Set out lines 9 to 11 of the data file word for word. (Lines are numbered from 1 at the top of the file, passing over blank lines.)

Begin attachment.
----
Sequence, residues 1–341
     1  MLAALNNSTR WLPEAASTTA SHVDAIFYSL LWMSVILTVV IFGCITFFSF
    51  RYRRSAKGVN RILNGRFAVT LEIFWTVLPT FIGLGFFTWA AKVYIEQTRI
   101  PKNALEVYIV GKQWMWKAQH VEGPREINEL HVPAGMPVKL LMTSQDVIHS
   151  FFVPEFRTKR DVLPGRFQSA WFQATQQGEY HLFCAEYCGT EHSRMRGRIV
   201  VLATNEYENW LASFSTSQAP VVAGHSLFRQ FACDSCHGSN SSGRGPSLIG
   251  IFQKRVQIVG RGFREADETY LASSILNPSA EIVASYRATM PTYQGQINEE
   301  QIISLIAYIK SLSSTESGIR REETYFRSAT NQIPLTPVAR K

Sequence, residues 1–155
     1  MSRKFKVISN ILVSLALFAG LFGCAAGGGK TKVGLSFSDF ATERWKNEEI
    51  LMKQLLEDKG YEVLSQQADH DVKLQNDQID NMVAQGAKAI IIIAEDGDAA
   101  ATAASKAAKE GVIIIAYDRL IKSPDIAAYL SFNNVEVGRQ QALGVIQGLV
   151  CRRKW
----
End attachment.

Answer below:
Sequence, residues 1–155
     1  MSRKFKVISN ILVSLALFAG LFGCAAGGGK TKVGLSFSDF ATERWKNEEI
    51  LMKQLLEDKG YEVLSQQADH DVKLQNDQID NMVAQGAKAI IIIAEDGDAA